A court challenge to the incorporation of Merafong local municipality into North West will be welcomed by Provincial and Local Government Minister Sydney Mufamadi.
"We haven't received any letters, but we generally know that the Khutsong community wants to approach the constitutional court - and the minister welcomes that," said Mufamadi's spokesman Zandi Ratshitanga.
"We live in a democracy that offers protest and court as an option, but it doesn't allow for violence."
Recent anti-demarcation protests in Khutsong resulted in barricaded roads, petrol bombs and stones being thrown at police and passing vehicles, and the petrol-bombing of two houses.
Papers to overturn the demarcation would be filed in the constitutional court "hopefully" within the next four weeks, said Advocate Rudolph Jansen, national director of Lawyers for Human Rights.
The case would argue that insufficient consultation with residents had taken place and question whether the demarcation had been a rational exercise, he said.
Merafong formally became part of North West in December, said municipal spokesman Seabo Gaeganelwe.
The municipality was one of 17 affected when the final green light was given to legislation doing away with cross-boundary municipalities by the National Council of Provinces.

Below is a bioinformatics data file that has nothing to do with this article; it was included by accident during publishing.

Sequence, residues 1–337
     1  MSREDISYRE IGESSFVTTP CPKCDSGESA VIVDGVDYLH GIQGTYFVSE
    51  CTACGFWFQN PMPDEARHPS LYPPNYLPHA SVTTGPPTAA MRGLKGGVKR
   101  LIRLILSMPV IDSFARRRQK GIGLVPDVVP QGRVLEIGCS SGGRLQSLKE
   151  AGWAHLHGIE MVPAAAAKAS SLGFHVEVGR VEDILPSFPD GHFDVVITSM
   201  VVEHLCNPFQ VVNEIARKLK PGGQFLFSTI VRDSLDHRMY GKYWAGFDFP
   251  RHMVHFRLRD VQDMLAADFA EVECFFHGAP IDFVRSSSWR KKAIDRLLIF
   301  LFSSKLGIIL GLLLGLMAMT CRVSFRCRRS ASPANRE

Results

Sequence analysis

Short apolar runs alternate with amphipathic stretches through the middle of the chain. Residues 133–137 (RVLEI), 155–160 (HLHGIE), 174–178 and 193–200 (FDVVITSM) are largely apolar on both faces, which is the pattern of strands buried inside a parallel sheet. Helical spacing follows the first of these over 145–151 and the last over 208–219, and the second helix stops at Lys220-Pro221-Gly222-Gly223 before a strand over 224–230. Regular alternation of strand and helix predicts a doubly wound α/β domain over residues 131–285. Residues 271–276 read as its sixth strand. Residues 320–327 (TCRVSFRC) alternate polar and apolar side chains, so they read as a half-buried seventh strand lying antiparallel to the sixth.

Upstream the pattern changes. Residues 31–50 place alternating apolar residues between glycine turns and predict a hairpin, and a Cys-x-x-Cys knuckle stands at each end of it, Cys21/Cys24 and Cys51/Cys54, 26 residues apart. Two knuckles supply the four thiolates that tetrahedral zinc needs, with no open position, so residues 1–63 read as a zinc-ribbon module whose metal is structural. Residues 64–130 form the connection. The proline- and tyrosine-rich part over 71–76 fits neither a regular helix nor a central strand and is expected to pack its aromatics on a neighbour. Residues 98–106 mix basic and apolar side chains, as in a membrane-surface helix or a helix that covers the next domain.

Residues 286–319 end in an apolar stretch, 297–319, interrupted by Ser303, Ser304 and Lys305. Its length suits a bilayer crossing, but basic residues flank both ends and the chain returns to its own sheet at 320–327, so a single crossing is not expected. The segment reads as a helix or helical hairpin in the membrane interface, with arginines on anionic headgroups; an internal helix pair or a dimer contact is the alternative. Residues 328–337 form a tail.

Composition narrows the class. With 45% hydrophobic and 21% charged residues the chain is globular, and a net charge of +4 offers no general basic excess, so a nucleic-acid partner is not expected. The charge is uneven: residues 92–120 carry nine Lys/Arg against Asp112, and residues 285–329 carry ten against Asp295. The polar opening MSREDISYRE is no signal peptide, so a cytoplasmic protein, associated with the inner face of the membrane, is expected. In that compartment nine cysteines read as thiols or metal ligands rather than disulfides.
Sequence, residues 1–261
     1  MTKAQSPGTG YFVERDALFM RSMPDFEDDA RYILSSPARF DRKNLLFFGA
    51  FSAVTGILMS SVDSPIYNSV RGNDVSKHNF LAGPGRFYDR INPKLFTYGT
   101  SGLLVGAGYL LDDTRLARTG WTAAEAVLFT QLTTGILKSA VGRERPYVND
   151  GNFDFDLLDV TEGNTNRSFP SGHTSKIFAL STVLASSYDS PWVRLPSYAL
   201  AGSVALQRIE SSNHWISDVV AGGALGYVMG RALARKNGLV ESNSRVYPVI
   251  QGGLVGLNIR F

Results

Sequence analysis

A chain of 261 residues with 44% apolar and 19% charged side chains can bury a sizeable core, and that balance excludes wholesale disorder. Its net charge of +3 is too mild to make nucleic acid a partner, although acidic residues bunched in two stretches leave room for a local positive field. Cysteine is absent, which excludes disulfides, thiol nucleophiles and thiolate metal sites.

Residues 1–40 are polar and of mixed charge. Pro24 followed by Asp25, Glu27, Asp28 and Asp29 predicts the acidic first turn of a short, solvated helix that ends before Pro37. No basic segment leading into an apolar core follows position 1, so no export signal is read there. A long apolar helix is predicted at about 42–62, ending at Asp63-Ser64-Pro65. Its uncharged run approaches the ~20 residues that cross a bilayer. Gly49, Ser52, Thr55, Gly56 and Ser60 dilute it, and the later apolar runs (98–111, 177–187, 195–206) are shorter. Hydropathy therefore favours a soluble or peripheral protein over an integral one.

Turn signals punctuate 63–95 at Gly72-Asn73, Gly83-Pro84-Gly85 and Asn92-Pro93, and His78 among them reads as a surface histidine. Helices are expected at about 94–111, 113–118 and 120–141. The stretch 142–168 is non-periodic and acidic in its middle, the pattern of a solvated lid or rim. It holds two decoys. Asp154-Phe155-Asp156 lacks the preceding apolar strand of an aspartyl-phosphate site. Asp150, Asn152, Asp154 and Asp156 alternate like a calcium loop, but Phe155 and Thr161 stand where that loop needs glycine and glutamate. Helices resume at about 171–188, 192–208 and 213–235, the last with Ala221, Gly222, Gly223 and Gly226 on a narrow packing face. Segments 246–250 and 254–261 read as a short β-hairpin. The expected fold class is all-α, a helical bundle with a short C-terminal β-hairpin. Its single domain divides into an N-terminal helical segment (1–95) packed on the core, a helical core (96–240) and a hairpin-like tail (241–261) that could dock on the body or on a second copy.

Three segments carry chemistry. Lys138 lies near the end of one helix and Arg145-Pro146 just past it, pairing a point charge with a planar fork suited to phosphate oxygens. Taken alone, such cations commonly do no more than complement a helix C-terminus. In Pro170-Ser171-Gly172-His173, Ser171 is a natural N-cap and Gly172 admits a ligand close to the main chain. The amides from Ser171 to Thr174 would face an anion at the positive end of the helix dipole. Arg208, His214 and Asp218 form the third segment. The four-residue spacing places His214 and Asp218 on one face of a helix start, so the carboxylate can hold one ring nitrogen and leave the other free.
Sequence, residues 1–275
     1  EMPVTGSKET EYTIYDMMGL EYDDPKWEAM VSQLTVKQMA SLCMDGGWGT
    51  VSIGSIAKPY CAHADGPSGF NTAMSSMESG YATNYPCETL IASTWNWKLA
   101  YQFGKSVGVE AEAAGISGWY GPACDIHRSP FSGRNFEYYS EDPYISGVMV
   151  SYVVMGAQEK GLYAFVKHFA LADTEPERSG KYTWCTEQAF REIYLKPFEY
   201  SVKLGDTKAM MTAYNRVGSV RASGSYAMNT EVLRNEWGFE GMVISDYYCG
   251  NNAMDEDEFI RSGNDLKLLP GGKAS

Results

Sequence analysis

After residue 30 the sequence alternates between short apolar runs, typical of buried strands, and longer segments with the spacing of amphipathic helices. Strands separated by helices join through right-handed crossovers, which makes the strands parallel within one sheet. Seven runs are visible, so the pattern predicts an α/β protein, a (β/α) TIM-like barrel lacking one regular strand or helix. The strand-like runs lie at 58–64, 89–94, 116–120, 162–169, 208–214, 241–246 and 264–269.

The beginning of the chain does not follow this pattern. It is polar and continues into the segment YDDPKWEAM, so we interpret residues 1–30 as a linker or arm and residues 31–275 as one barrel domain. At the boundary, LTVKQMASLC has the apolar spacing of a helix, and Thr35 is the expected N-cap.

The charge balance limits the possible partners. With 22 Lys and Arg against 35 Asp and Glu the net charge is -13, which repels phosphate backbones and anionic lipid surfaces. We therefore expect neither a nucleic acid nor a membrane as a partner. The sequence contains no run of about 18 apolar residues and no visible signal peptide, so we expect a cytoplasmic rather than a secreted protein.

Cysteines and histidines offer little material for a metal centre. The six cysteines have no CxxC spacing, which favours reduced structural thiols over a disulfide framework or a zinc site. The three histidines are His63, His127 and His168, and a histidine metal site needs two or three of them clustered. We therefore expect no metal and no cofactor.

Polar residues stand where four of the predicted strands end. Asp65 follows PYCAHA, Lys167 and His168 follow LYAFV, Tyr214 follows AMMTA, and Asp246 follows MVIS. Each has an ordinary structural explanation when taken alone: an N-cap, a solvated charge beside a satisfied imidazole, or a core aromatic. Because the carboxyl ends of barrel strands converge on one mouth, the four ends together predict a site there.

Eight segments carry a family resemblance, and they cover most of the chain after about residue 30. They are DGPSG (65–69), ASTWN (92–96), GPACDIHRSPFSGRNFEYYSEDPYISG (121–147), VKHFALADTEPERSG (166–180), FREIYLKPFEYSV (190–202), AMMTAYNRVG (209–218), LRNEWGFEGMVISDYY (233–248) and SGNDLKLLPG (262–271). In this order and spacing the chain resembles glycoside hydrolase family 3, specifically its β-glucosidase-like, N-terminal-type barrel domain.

Gaeganelwe said the issue was demarcation and not incorporation.
"Part of our area fell within North West and parts fell within Gauteng. We were actively controlled by two provinces.
South African Communist Party chairman in Khutsong Jack Mathige said the anti-demarcation application was supported by "98 percent" of people in Khutsong.
"We must challenge it. The only solution is to challenge the demarcation through the constitutional court. Our case is clear."
The constitutional court ruled on a similar matter for the Matatiele Municipality last year.
Judge Sandile Ngcobo found that there was not sufficient public participation in the legislative process, which was inconsistent with the constitution.
The demarcation was found to be unconstitutional and the state was given 18 months to "cure the procedural problems," said Advocate Jansen.
Jansen said a letter of demand was written to the state after the judgment, asking whether the government would concede to a similar order for Khutsong.
Lawyers for Human Rights then agreed to give the state attorney until January 15 to indicate its client's attitude.
No formal reply was received and the matter was referred to counsel to prepare papers.
This week Mufamadi said he was satisfied that sufficient consultation was undertaken before integrating the area into the North West, SABC news reported. - Sapa